rob jagnow, gaymer x, boss of honor, lazy 8 studios

INTERVIEW: Rob Jagnow Makes Fun Games About Class Issues And Bullying

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GaymerX is a gaming convention that takes place every year in San Jose, CA. GaymerX is a “queer space”; a convention where panels center on queer themes, but all are invited and welcomed. Unicorn Booty is a proud media partner of GaymerX; to that end, we’ll be interviewing the Bosses Of Honor for this year’s convention.

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Dr. Rob Jagnow

Dr. Rob Jagnow is the founder of Lazy 8 Studios, the creators of Cogs and Extrasolar. He’s also working at Google on their Cardboard project and the future of Virtual Reality and affordable VR headsets. Jagnow has also written A Game About * about class issuesthe anti-bullying Karma High and the “interactive political cartoon” Words Have Weight.

Unicorn Booty:  How did you first get into gaming?

Rob Jagnow: Like most folks my age, I grew up with some of the very first home game consoles — in my case, an Atari 2600. But I never really thought of myself as a gamer. So it was a bit of surprise when I was job hunting in Boston in 2006 and the hunt led me to a small game studio. I quickly fell in love with games as a medium for storytelling. For me, game development offers a perfect mix of both creative and technical challenges.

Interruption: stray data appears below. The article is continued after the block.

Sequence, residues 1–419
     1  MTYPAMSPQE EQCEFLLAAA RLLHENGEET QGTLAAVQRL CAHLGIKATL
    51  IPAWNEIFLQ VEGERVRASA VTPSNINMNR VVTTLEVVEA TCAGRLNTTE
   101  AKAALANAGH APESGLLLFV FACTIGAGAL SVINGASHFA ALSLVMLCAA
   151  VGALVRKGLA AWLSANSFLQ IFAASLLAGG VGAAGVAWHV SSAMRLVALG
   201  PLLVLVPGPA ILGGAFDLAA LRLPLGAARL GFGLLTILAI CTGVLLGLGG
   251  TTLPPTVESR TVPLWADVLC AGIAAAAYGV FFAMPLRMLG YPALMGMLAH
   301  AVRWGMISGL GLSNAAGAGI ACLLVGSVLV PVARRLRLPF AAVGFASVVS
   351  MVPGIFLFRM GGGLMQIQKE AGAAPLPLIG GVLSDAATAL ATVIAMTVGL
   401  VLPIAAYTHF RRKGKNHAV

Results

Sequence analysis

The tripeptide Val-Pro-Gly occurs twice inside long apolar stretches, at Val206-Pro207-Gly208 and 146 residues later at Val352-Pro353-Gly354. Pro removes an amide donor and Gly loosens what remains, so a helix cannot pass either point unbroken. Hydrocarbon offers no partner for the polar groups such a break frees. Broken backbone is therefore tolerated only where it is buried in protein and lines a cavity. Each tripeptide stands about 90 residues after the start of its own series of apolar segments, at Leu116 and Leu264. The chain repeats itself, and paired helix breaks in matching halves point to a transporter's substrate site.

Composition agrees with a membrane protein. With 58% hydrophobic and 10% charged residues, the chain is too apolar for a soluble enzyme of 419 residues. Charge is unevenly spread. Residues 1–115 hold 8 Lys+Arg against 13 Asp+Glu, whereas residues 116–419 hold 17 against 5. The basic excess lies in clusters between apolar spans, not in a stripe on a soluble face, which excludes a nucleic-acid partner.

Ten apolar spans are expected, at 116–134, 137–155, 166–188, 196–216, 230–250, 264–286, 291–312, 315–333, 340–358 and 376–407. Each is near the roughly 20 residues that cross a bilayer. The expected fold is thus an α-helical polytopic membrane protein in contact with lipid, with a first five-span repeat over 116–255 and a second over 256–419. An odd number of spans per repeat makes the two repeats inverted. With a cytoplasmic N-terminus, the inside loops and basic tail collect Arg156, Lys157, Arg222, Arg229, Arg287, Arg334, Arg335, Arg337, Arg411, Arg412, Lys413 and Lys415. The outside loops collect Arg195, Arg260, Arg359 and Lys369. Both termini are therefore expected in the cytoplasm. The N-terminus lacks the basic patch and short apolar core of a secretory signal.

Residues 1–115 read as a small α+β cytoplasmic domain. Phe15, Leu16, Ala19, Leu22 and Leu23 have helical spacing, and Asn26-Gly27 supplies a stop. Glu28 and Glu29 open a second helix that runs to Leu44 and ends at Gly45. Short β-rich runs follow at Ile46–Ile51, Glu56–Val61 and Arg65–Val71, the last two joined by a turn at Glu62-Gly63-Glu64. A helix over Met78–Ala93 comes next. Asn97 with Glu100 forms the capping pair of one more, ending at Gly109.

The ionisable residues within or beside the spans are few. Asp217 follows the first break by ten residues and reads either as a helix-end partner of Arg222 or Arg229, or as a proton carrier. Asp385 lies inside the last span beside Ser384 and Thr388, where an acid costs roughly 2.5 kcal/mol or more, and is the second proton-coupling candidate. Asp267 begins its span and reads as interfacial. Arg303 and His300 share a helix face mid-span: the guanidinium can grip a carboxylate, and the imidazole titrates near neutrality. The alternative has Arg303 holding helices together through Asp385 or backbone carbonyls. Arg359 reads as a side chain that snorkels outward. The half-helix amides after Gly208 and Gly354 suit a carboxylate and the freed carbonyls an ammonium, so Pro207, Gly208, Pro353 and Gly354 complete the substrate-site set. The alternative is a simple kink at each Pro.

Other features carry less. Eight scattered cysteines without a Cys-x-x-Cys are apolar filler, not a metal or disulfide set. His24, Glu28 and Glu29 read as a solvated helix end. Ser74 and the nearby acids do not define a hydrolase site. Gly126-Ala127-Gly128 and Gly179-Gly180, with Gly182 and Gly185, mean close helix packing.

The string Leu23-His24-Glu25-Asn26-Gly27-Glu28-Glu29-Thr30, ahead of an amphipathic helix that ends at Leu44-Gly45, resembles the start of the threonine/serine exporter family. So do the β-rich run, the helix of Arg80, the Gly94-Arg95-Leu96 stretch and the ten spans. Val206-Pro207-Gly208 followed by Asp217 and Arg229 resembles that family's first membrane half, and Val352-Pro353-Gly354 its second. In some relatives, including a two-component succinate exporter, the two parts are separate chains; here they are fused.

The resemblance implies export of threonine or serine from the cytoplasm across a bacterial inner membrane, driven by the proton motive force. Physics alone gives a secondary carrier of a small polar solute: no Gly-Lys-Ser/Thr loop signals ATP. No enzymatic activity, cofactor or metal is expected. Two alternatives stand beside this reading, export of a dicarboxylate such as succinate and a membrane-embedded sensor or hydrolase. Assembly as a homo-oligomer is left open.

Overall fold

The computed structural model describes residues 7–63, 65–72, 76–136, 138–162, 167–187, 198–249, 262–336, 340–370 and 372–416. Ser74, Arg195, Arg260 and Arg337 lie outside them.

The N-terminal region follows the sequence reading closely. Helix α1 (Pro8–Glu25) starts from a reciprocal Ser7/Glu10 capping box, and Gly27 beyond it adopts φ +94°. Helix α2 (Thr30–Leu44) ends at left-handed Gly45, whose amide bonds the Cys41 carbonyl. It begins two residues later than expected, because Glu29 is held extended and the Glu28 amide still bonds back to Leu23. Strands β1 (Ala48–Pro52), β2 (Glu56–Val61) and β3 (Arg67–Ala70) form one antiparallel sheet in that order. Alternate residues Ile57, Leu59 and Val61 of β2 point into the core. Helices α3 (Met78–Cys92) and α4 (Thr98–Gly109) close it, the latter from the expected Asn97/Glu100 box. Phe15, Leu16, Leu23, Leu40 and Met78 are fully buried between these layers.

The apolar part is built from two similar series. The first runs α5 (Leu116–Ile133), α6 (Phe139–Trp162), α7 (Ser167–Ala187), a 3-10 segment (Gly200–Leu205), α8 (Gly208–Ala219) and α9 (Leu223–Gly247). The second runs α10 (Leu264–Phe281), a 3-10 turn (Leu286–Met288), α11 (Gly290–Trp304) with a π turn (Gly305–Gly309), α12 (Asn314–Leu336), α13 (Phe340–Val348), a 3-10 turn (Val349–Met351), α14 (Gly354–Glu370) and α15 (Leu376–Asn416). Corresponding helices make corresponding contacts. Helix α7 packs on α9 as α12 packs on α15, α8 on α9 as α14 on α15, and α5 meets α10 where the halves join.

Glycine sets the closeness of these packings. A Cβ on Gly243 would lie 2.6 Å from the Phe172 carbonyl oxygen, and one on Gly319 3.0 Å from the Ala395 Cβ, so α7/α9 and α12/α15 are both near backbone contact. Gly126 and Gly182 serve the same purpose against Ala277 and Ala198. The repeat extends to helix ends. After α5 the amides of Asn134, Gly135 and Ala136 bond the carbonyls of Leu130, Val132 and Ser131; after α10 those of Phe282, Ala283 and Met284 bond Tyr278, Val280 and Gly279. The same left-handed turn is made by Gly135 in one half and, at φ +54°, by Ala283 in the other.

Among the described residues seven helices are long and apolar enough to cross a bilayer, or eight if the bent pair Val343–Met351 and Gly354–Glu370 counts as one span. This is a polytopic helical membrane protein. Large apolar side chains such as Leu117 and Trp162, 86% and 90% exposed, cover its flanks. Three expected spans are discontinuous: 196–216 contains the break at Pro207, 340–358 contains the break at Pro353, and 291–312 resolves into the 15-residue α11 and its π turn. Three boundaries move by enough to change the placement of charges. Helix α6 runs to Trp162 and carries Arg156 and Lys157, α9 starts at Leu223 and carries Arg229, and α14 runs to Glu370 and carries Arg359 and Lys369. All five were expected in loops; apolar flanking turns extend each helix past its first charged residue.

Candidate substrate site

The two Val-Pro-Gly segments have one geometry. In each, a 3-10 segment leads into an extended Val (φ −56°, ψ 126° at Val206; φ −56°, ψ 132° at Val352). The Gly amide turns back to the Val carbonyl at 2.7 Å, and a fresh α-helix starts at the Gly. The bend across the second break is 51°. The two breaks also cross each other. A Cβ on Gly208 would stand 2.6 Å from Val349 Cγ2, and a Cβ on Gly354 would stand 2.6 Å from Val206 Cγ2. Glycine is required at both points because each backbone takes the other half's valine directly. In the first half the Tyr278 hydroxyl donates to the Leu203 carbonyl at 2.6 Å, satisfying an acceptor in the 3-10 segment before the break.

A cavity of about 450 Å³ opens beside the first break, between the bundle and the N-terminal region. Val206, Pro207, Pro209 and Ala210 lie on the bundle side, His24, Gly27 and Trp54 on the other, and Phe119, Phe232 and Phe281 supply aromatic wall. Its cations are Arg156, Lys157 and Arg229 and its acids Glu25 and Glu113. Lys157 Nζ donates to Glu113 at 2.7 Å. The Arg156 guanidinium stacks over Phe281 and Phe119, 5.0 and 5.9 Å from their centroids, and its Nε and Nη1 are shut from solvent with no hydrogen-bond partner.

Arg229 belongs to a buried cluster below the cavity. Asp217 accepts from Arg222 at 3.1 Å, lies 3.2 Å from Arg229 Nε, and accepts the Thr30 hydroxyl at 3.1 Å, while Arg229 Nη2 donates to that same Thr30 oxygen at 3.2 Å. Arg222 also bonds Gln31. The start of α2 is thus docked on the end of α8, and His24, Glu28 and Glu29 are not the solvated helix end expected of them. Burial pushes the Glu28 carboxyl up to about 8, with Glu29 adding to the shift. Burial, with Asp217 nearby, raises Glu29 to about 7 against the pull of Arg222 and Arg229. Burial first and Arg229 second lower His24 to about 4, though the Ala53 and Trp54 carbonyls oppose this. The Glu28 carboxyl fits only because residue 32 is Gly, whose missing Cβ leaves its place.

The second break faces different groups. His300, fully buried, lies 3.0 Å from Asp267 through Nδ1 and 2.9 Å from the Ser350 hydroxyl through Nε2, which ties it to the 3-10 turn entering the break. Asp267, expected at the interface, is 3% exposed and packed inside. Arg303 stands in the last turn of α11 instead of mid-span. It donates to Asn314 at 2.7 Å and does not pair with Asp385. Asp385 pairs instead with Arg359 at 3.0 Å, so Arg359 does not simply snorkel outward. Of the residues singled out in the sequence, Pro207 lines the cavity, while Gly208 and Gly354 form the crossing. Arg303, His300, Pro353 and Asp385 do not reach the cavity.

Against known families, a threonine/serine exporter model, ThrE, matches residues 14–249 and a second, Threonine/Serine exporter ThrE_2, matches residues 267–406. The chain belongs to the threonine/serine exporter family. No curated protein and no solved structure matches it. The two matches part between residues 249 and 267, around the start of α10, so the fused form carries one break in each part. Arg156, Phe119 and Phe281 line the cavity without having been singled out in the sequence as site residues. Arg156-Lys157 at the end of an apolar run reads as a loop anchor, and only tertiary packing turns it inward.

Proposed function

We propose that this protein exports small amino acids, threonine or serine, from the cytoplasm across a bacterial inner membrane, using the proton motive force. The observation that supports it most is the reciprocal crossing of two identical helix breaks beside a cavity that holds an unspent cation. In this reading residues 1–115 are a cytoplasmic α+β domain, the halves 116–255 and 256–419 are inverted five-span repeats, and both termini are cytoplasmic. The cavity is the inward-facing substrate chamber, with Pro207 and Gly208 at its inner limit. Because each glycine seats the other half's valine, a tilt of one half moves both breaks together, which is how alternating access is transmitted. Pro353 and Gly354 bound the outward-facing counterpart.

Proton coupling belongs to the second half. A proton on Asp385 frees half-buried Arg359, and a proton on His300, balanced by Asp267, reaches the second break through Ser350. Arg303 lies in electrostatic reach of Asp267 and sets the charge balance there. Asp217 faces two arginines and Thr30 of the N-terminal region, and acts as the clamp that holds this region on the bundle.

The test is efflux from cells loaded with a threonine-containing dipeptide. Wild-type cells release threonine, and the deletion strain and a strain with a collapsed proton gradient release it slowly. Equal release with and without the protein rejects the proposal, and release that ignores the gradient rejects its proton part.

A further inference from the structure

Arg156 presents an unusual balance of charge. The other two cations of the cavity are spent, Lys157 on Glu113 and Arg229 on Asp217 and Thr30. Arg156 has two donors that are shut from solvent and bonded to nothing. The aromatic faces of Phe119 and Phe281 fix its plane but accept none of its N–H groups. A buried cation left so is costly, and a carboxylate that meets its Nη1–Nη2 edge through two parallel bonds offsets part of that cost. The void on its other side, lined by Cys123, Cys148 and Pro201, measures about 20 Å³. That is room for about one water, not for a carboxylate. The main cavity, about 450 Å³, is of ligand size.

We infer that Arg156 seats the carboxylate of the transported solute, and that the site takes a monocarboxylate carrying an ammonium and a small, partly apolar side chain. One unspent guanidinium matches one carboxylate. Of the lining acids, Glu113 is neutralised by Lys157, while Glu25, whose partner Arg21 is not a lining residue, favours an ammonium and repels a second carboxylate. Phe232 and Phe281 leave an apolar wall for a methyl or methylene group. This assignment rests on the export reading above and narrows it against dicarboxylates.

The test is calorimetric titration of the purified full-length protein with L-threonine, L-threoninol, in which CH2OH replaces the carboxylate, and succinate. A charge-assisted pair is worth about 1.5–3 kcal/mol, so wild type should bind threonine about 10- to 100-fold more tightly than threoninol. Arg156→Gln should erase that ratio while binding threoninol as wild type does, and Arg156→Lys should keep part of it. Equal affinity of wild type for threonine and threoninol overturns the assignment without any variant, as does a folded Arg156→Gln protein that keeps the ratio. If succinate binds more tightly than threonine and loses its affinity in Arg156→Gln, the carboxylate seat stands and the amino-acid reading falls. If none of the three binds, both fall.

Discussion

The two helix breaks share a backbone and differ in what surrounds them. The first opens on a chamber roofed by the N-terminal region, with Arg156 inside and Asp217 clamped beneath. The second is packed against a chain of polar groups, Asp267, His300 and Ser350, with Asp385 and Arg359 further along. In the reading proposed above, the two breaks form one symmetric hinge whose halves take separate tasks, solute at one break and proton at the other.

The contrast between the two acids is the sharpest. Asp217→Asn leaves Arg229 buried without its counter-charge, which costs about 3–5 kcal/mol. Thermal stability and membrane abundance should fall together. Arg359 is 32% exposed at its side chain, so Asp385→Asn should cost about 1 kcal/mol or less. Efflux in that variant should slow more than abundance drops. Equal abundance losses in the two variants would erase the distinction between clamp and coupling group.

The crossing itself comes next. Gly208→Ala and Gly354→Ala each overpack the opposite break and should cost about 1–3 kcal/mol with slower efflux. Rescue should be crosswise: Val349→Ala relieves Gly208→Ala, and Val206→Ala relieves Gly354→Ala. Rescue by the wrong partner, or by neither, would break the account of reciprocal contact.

What are some of your favorite games and why?

I love Portal and Portal 2. They’re such a great mix of storytelling and pure puzzle solving. It was a huge honor to work with the Valve team on the launch of Portal 2 through an alternate-reality game.

There are people that argue that games are sex-neutral. What would you say to that and how does that relate to GaymerX?

Games are sex-neutral? What? I mean… sure, there are some categories of games out there that don’t revolve around story, but more often than not, games are a medium for storytelling — a mirror of our humanity. That’s why they can have such a powerful effect on us. And just as sex, sexuality, gender identity and gender expression have a huge variation in real-life, so too does this diversity deserve representation in games.

Are there any video game abilities, like the fire flower or the portal gun, for instance, that you wish you could have in the real world?

Oh man, do I want a portal gun. For one thing, it could really shorten my commute.

If games are art, what sort of power do they hold as cultural artifacts?

Games hold at least as much power as any other art form. Like books or movies, games tell a story that represents a slice of humanity at a moment in time. And since games are interactive, there’s so much more potential to feel like we’re a part of that story rather than just a passive observer.


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GX3: Everyone Games marks the third year of the GaymerX convention, a meeting of LGBTQ tabletop and console gamers with panels, meet-ups, parties and more!

The convention takes place December 11 to 13 in San Jose, California. This year’s Bosses of Honor include RuPaul’s Drag Race alum Trixie Mattel, Mass Effect’s Jennifer Hale, and many, many more!

Tickets are available at GaymerX.com.